## Discussion

Gordon from CO posted over 5 years ago:

You have a typo in the opening definition of the arithmatic average, i.e.,

"Most people ....., which adds ......, and then dividends by the number of listings.

Should be "divide", not "dividends".

Jean from IL posted over 4 years ago:

Thank you; the error has been fixed. Jean at AAII.

Jon from AL posted over 4 years ago:

Shouldn't the geometric average be calculated this way???

(1.1 * 1.15 * 1.12 * 1.02 * .7) ^ (1/5) - 1

= .0023 = 0.23%

The article mentions taking the n'th root, but the chart shows simply multiplying by (1/5).

John from PA posted over 4 years ago:

The geometric problem states the third year return is 0.02% which in the calculation should be 1.0002 yielding a final answer of -.16%

Opal from CA posted over 4 years ago:

So when I see the term "average annual return" on a fund, am I seeing the geometric average? I had always wondered why the figures never added up to the actual result over a period of several years.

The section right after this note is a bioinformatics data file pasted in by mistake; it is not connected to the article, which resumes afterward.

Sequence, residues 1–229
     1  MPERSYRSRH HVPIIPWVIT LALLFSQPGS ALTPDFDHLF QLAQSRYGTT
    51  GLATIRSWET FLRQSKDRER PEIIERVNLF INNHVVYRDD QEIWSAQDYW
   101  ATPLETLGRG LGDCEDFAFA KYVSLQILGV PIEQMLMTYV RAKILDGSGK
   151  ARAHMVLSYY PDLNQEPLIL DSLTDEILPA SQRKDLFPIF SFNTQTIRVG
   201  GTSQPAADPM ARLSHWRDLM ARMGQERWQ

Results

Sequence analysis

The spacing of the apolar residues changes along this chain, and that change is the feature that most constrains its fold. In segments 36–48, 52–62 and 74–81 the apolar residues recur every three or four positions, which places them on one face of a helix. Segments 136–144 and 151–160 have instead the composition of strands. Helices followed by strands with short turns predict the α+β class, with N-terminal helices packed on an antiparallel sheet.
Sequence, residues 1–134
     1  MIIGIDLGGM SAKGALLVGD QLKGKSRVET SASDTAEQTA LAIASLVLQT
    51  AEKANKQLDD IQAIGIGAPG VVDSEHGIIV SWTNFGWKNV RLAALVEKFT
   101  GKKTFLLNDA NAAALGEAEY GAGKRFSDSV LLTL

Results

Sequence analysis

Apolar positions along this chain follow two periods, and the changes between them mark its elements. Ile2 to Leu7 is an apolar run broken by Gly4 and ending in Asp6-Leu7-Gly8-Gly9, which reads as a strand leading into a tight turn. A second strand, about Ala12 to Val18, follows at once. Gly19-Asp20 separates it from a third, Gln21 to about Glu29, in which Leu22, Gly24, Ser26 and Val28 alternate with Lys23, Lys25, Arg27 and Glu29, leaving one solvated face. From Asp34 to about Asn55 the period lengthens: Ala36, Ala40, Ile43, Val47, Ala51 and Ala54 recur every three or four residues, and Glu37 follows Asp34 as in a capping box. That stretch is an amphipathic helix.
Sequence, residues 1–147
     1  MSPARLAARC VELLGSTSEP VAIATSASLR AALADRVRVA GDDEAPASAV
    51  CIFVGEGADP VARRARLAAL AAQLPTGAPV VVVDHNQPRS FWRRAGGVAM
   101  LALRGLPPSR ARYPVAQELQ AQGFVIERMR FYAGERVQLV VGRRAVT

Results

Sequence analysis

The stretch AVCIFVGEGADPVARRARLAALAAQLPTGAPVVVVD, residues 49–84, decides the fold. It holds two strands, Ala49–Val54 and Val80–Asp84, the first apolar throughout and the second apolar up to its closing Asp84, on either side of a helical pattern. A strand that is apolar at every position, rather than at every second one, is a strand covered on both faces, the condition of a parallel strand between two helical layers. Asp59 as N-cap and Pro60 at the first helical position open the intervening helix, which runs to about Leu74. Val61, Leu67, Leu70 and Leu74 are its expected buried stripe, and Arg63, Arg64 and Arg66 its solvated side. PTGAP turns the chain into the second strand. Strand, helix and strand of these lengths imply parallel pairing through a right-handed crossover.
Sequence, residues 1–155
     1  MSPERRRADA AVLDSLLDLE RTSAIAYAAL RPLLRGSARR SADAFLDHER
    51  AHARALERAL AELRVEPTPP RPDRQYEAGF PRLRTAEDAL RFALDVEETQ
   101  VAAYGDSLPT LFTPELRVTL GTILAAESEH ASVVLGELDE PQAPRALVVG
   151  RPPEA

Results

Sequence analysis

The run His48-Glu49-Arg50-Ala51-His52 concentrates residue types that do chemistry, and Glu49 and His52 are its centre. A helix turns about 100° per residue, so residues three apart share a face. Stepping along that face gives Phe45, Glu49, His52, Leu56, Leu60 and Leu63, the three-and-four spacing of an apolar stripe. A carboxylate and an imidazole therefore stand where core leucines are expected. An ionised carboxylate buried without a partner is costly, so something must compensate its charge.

Jean from IL posted over 4 years ago:

Jon - We've fixed the box so that the geometric average is now showing to take the nth root. Thanks for pointing that error out. Jean from AAII

Jean from IL posted over 4 years ago:

John - The third year return is 0.2%, which is correctly shown in the box as 1.002 in the geometric average calculation. Jean from AAII

Rick from IL posted over 4 years ago:

Where would a weighted average be useful? Calculating the return of the S&P 500 where some companies are far larger than others?

Dave from WA posted over 4 years ago:

I am not "embarrassed" to admit it, but I can't wrap my head around how +100%, +100%, -100% is equal to a 50% average return.
100+100-100=100/3 = 33.3% return over the 3 years. ??